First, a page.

Narrator: Her husband, an inspector for General Dynamics, made a modest living.
Blanka: If you don't have much and your friends don't have much, you're not unhappy. You have food. You have clothes. You - As a matter of fact, we were - when we played - once a week, we used to put, I don't remember, 50 cents or 75 cents on the side. When we had enough money, all the couples went to the theater, because we loved theater. Ahm - financially, I was not in a position to - to do things that I would have liked to. I would have liked to go to a good university. I thought that I had enough brain to do it. But my health was precarious.
Narrator: And still is. For many years now, Blanka has had to wear a full body brace, living in constant pain. But her motivation to give something back to the country that had adopted her, made her an active volunteer, pushing a library cart through a hospital, and helping teachers in her daughter's school. Blanka's daughter Shelley remained the center of her life. And Blanka made sure that Shelley was allowed to pursue her educational ambitions, a Master's degree in Shakespearean literature.
Blanka: My husband used to laugh. He said, "What you will do with Shakespeare?" He said, "How about a little typing on the side?" And she said, "But I love it!" So, I said, "Well, she loves it - so she has to do it. She has to be happy, to do what she likes to do." And we sent her to England to Shakespearean Institute. And - whatever you learn, it's your gain. It's a wonderful thing.
Narrator: In the mid-1970s, when children of survivors began to form groups in which they could share their experiences and support one another as members of the "Second Generation," Shelley did not join.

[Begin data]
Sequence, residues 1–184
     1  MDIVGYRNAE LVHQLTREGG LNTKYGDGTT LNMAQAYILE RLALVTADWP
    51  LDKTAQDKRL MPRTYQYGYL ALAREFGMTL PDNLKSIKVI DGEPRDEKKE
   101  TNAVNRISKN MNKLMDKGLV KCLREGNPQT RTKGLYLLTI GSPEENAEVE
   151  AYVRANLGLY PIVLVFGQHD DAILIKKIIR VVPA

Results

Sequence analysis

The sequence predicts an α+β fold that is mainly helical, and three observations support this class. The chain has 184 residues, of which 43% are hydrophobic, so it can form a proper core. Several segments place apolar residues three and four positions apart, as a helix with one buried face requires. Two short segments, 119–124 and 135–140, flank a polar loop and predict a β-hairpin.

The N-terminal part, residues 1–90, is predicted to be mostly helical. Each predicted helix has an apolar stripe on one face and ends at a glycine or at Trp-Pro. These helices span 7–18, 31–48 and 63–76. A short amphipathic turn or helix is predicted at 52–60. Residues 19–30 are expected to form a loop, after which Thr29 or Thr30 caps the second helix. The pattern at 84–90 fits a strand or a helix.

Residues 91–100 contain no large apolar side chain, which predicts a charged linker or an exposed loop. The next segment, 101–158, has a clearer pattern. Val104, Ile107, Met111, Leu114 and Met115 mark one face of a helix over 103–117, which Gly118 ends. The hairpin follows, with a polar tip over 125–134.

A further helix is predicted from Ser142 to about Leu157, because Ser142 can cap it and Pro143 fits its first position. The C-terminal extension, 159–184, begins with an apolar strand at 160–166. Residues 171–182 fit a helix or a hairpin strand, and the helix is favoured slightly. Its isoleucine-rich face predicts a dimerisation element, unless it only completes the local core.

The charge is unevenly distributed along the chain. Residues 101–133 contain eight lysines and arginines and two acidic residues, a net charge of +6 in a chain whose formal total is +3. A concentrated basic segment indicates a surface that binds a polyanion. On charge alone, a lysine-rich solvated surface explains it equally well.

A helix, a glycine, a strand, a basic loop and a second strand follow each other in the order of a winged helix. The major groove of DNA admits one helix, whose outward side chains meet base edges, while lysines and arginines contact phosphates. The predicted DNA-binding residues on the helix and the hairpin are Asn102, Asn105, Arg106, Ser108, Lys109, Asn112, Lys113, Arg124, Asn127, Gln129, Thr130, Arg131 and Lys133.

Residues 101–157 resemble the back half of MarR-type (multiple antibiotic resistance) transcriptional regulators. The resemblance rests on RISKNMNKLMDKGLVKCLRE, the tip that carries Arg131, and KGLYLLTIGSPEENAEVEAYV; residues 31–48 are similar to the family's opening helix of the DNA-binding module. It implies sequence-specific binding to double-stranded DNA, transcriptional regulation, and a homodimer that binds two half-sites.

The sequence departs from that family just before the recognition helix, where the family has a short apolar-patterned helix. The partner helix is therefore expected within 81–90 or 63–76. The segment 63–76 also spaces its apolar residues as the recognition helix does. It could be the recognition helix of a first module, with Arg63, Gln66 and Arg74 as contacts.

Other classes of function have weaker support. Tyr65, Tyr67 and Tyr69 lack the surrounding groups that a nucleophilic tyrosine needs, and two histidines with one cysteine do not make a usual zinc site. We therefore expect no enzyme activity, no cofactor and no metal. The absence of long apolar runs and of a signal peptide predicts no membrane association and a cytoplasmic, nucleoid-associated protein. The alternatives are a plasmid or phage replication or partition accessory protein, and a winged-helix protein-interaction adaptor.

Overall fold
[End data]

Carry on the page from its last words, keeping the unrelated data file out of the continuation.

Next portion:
Blanka: I asked her about it. She said, she lives with it. Seeing my body it reminds her enough of Holocaust. She could not associate with a group and speaking about it. It hurt her too much. She always knew that I was a survivor. Her father was not. But I was a survivor, and I never made a - ahm, secret out of it. I did not tell her in the details, the gory details of what went through. I didn't want to go overboard. Because this was a child. I didn't want to poison her mind. I had to find the middle road for her to grow up to be a bright, open-minded person. But I wanted her to know because this was the legacy! She was entitled to know where her mother came from, my background. I wanted her to be proud of it, which she is. At the same token she resented the people who caused my... my affliction, my being disabled as a result of the tremendous beatings that I was getting. She could not accept it. And I tried to temper her dislike - more than dislike, her hatred into ahm... into understanding that people are people. There were people who were good.
Narrator: Blanka began speaking about her wartime experiences in the early 1970s. Out of a strong sense of obligation to those who perished, and in response to a general public which was now more interested in the Holocaust than it had been in previous decades.
Blanka: I am there on one purpose only, to tell people, oh not my personal story but to spread my message. And my message always was one "Let's tolerate one another. Let's learn about each other." And I always say that, "People, take this with a grain of salt. You don't have to love one another, but tolerate one another. Learn how to live together." The population is growing fast. The earth is getting smaller. We're flying from one place to another in few hours. If we won't learn how to get along, we will perish!
Narrator: First, she spoke to American-born friends, women's groups and churches in San Diego, where she now lives. Then in state schools and universities. But she pays a price.